Mexico's President Enrique Pena Nieto has told the APEC summit he wants a 'new era' in ties with the USA despite the hostile tone of President-elect Donald Trump. China has called for a bigger role for APEC.
The Mexican president (photo) described his country's relationship with the United States as "central," telling the Asia-Pacific Economic Cooperation (APEC) summit in Lima, Peru, that his country was a "fervent believer" in open ties, including trade.
Republican President-elect Donald Trump, before his election win, had threatened to drop the North American Free Trade Agreement (NAFTA) - covering Mexico, the US and Canada - claiming it had sent US jobs to countries with cheaper labor. He also wanted a US border wall paid for by Mexico to keep migrants out.
Pena Nieto told fellow APEC leaders that US-Mexico trade ran at $1 million (942,000 euros) every minute.
Mexico, like the rest of the world, was "prioritizing dialog" to deal with Trump's incoming administration, Pena Nieto said, signaling a readiness to renegotiate aspects of NAFTA.
APEC participants in 'despair'
Officials around US President Barack Obama, who is also in Lima, have tried to reassure APEC leaders that once inaugurated, Trump would not abandon long-standing US links with the rest the world.
Obama's National Security Advisor Susan Rice said it was "manifestly" in the United States' interests that multiple alliances with Asia and Pacific would endure.
Visiting New Zealand Prime Minister John Key said, however, he sensed "tremendous despair" among summit participants about Trump's isolationist stance.
The 12-nation Trans-Pacific Partnership (TPP) - agreed to by Obama, but without US congressional approval - could still be saved, Key said, by crafting a more limited pact among willing signatories, but leaving out Washington.
Similarly, Asian economics expert Mathew Goodman predicted "a real blow to US interests, economically and strategically," and a TPP kept alive without America.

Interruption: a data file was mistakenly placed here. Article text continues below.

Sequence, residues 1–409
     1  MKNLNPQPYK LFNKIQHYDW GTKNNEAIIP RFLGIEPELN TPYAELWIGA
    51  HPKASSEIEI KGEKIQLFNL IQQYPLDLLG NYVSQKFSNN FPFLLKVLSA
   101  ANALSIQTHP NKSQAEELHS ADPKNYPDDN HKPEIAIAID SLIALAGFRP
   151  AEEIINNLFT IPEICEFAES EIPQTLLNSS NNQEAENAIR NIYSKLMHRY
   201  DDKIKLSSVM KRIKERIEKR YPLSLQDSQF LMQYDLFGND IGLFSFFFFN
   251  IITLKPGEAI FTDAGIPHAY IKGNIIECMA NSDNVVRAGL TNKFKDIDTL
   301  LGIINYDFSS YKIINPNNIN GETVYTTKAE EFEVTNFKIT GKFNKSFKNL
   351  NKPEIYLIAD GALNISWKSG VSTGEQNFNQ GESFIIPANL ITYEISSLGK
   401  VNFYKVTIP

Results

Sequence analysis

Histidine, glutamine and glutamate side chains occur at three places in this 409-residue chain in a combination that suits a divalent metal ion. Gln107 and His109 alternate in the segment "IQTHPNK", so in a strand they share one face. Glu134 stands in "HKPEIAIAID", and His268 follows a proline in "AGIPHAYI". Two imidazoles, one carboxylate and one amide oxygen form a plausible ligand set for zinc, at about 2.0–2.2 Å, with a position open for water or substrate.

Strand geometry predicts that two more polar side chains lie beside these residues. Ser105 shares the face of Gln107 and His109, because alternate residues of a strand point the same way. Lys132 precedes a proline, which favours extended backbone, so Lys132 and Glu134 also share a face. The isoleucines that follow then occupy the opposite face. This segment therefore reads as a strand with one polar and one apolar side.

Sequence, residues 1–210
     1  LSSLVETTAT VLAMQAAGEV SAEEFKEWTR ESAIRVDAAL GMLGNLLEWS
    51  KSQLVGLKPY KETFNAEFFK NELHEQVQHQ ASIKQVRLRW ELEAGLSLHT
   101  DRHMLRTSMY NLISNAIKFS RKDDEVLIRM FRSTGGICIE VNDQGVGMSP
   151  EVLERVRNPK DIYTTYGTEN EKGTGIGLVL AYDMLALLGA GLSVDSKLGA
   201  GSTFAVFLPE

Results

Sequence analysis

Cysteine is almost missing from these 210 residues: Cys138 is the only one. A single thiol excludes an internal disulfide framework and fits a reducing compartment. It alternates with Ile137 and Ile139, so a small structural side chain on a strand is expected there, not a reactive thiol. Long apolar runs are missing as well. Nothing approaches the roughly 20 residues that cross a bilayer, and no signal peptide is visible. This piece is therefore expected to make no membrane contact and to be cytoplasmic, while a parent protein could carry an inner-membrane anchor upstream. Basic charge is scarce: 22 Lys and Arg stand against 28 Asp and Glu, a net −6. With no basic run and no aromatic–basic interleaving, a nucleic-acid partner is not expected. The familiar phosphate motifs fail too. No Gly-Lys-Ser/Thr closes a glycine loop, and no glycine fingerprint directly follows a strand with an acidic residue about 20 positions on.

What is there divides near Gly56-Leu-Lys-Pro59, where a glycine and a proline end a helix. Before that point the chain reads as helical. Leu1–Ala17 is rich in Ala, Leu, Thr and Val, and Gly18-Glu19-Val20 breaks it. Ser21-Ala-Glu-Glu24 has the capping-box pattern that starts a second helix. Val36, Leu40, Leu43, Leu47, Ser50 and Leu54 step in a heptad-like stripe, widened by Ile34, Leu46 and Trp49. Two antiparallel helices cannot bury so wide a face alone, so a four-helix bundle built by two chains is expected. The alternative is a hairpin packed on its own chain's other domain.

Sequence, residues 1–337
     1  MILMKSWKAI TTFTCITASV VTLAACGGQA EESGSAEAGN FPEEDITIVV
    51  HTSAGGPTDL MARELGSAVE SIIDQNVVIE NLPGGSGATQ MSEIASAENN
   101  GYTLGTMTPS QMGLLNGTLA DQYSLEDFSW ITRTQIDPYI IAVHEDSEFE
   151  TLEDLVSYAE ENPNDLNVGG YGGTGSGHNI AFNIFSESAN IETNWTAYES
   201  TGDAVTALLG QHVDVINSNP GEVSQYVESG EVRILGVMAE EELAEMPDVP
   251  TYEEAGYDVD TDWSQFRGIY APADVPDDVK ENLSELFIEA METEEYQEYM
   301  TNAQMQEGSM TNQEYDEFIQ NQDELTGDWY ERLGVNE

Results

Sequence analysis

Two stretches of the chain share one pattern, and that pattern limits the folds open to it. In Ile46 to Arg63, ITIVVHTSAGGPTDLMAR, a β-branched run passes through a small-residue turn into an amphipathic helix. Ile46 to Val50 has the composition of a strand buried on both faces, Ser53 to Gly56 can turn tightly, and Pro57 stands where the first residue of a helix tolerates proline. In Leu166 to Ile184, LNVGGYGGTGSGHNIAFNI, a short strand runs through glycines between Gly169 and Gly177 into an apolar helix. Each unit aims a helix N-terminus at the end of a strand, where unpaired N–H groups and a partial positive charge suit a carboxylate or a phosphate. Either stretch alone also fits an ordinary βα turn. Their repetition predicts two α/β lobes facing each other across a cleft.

Robert Lawrence, a trade expert at Harvard University, said a protectionist USA would be "hugely disruptive for the world."
I don't think that the trade part of his program is going to do much for the American workers who he claims to want to help," Lawrence said.
A role for China
Chinese President Xi Jinping told business leaders at the summit that the 21-nation APEC forum should have a "bigger role" in world affairs.
Also present in Lima, China's President Xi Jinping decried protectionism, saying his country had contributed 40 percent of global growth since the world's 2008 financial crisis.
Partner nations stood to earn billions, Xi predicted, as China invested abroad and 700 million Chinese tourists fanned out across the globe in coming years.
"The Asia-Pacific should take a bigger role and also to be at the driver's seat to link all the related partners and ... also find a new way for global economic development," Xi said.
Beijing is pushing an APEC-wide Free Trade Area of the Asia-Pacific (FTAAP), which would exclude the US.
On Friday, indigenous protestors from the Amazon region gathered in Lima to protest what they called the detrimental impact of free trade agreements on their communities.
APEC nations represent nearly 40 percent of the world's population and 60 percent of the world's economy.
ipj/jm (dpa, AFP, AP)